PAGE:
Support for young men with eating disorders
What is an eating disorder?
Eating disorders are serious mental illnesses that can affect young people, children and adults of all ages, genders and ethnicities. They most commonly develop in adolescence but can also occur in children as young as 7 and in older adults. In the UK alone there is thought to be around 725,000 people struggling with eating disorders.
Everyone has different eating habits. Some days you may eat more than others or go through phases of eating more healthily but this doesn’t mean you have an eating disorder. An eating disorder is an illness not a diet.
When people have an eating disorder this begins to dominate their whole life, and impacts on their school/ work/ social and family life. Often people who develop an eating problem are struggling with difficult feelings or stressful events in their lives and the eating disorder can begin as a way of coping with these or regaining a sense of control. Thoughts about food, calories and body weight can take over, and are often accompanied by feelings of fear, anxiety, guilt and shame. People can start to become isolated from friends and stop enjoying things they used to do, they might avoid eating in front of people or become panicky around food, and they may make themselves sick or want to exercise immediately after eating. They may also experience low self-esteem and self- worth, negative thoughts, low mood, self -harm and difficulty coping with life.
People can be affected by one or more type of eating disorder or find their symptoms changing as they recover. Someone with an eating disorder may also experience other mental or physical health issues at the same time as their eating disorder. Sometimes these can play a role in the eating disorder developing, or they may develop alongside or because of the eating disorder.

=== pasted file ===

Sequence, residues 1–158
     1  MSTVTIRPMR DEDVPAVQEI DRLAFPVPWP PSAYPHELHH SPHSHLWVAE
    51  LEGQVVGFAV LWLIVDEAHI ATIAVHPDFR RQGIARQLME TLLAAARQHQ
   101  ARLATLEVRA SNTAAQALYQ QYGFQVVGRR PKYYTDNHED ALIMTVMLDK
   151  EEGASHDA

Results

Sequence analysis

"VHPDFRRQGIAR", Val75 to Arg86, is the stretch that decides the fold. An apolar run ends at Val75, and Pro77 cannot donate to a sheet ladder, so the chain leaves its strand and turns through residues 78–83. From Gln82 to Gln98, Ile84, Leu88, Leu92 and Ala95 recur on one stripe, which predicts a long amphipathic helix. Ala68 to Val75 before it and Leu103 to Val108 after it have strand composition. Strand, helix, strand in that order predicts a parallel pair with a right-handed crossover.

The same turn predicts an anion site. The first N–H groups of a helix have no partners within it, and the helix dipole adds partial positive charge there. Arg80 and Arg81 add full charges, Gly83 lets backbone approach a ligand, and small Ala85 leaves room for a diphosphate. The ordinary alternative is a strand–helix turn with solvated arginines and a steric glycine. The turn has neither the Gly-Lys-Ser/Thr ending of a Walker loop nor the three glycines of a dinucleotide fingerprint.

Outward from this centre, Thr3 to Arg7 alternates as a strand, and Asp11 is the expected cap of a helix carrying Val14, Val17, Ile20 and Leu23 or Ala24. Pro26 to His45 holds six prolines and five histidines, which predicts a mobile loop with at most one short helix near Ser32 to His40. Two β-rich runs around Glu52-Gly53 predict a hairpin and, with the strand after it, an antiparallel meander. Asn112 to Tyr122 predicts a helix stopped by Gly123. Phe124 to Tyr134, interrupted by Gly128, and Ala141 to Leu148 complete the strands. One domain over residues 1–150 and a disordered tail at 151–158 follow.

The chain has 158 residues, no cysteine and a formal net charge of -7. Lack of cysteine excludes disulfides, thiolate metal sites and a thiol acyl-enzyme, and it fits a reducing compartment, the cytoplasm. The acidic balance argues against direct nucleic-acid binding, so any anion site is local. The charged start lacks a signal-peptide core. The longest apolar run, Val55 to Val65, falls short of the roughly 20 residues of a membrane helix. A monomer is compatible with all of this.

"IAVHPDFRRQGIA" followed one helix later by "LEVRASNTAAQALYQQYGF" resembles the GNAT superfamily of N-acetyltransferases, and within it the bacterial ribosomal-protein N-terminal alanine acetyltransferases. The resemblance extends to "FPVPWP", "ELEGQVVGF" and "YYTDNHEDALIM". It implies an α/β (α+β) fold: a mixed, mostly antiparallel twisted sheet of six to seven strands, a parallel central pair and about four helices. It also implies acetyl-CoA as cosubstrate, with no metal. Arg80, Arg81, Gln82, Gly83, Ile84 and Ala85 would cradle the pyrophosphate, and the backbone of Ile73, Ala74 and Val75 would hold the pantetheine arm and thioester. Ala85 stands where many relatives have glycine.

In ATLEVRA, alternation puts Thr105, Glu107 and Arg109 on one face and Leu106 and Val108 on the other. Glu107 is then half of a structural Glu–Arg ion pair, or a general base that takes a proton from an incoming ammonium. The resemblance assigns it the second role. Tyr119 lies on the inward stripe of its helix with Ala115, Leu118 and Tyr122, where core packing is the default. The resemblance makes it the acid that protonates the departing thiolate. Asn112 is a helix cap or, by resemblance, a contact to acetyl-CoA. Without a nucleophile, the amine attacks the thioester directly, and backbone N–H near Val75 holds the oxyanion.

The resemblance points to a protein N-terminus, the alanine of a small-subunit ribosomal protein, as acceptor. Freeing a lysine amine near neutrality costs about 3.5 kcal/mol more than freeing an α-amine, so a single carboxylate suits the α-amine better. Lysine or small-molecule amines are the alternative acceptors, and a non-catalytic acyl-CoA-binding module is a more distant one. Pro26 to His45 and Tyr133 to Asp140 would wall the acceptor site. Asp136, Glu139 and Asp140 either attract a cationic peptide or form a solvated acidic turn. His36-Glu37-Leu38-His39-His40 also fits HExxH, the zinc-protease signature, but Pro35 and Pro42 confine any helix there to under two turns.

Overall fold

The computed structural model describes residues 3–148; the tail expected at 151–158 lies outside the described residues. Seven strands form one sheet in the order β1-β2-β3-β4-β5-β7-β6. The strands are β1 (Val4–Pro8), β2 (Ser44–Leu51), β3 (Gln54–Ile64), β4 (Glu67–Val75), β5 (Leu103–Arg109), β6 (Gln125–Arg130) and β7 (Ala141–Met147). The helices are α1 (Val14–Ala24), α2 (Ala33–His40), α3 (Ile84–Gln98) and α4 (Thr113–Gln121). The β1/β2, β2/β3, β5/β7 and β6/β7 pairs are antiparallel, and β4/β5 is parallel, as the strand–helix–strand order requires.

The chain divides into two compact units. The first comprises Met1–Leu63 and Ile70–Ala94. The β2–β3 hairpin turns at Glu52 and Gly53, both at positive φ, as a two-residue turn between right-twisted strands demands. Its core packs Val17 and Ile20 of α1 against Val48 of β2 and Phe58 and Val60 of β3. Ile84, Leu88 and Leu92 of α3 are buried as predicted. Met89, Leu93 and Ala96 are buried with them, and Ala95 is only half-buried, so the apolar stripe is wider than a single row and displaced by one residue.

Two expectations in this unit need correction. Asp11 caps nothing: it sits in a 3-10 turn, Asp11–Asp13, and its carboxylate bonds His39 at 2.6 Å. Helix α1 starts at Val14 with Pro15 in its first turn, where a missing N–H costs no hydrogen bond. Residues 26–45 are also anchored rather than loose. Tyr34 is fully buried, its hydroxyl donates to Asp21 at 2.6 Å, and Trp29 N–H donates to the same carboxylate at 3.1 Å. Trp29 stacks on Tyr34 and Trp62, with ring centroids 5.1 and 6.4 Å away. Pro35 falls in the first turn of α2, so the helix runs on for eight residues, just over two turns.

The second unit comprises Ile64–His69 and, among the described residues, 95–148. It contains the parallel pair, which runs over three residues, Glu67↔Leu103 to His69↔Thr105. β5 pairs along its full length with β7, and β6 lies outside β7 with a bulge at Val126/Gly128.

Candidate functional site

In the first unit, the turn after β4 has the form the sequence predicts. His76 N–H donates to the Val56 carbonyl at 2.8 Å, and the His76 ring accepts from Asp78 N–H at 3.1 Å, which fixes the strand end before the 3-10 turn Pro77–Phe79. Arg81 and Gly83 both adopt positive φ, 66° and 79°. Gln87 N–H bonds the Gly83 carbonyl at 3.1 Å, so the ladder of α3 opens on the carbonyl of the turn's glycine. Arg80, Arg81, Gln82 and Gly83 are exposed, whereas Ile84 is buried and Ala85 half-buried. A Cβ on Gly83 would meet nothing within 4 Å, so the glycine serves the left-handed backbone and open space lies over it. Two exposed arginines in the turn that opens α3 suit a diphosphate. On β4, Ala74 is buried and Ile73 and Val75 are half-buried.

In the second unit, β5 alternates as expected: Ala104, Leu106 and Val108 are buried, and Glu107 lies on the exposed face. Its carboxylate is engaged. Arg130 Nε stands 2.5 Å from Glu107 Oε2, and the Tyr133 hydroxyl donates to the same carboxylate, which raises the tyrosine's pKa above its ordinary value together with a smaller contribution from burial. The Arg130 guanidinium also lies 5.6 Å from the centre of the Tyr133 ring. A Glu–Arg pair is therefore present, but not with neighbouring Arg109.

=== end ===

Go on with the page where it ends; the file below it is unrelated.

Types of eating disorders:
- Anorexia /Anorexia Nervosa is when someone tries to loose/keep their weight as low as possible by restricting the amount of food they eat and exercise excessively.
- Bulimia is when someone loses control and has episodes of eating a lot of food in a short period of time (binge eating) and then force themselves to be sick, use laxatives, restrict what they eat or exercise excessively to try and not gain weight.
- A Binge Eating Disorder is when someone regularly loses control of what their eating. This involves eating large portions/ eating until feeling uncomfortably full then feeling upset or guilty afterwards.
- EDNOS (Eating Disorder Not Otherwise Specified) is when someone has symptoms of an eating disorder but they don’t exactly match the criteria of any of the above. This doesn’t mean their illness is any less serious though.
- ARFID (Avoidant/restrictive food intake disorder). It is more common among children with ASC and is characterised by:
- Highly restricted diet; avoidance of certain foods based e.g. upon their colour or texture
- High anxiety about food and eating accompanied by aversive thoughts –such as fear of choking or being sick
- Lack of interest in food
- Loss of weight, failure to thrive and experiencing range of physical consequences of not eating adequate diet.
What causes eating problems?
There is no one single reason why someone develops an eating disorder. A whole range of factors combine, including genetic, psychological, environmental and social influences and interpersonal and relationship difficulties that increase the likelihood that someone develops an eating disorder.